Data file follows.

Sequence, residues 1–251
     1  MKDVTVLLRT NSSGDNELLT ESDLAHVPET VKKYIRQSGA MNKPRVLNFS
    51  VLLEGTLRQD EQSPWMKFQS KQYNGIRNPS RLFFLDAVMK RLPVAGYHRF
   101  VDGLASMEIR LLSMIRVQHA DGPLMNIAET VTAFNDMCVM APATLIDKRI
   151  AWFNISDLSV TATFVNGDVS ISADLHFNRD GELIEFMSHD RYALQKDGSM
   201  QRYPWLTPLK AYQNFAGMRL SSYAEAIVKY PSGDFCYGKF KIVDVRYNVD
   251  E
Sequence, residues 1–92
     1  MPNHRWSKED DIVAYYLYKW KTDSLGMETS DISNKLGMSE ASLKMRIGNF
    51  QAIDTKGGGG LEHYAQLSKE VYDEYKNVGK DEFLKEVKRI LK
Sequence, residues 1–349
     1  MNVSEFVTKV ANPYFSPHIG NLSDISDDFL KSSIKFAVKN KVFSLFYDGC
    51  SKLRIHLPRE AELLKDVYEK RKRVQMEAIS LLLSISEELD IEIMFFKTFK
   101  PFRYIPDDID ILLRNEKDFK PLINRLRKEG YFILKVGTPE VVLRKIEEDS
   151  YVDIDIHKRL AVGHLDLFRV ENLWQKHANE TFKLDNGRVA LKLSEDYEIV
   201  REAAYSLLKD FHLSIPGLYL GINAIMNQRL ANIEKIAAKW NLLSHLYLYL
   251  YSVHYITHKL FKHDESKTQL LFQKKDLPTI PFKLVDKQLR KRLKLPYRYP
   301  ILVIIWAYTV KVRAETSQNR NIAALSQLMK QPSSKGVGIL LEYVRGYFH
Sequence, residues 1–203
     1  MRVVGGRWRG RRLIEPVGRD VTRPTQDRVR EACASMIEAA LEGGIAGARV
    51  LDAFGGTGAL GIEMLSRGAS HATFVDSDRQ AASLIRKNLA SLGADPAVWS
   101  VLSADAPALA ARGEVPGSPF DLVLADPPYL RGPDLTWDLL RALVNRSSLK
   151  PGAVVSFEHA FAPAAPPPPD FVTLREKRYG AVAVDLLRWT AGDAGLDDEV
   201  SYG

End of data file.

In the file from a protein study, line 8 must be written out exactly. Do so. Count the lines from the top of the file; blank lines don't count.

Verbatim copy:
Sequence, residues 1–92